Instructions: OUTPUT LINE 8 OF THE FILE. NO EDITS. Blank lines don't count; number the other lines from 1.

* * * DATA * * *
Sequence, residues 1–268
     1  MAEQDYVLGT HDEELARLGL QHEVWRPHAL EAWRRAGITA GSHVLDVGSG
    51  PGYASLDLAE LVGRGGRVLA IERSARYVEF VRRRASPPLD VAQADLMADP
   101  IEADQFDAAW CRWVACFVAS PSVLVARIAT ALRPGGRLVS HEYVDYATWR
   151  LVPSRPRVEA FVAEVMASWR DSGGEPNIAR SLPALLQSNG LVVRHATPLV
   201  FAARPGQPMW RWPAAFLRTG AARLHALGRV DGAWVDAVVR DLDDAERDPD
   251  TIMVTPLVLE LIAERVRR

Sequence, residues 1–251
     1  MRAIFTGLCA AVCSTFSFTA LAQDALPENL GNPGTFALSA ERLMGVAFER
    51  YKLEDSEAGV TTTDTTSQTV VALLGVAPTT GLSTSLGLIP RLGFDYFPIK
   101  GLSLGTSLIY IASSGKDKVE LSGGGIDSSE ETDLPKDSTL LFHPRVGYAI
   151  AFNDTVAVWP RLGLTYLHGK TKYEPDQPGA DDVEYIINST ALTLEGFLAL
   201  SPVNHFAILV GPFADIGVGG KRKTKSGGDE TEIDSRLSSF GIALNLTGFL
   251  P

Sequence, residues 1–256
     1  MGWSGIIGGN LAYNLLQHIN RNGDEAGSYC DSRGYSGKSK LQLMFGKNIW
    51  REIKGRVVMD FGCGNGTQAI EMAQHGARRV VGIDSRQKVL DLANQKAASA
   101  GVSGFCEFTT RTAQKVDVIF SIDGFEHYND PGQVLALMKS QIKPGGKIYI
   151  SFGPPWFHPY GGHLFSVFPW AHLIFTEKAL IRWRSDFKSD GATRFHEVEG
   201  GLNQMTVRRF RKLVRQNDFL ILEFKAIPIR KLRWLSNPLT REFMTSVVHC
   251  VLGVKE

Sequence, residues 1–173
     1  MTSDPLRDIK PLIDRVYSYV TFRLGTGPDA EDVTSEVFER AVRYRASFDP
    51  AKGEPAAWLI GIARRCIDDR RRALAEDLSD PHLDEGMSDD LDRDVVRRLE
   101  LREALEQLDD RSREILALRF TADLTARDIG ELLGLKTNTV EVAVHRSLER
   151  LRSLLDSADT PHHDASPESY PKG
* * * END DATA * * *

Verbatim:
Sequence, residues 1–251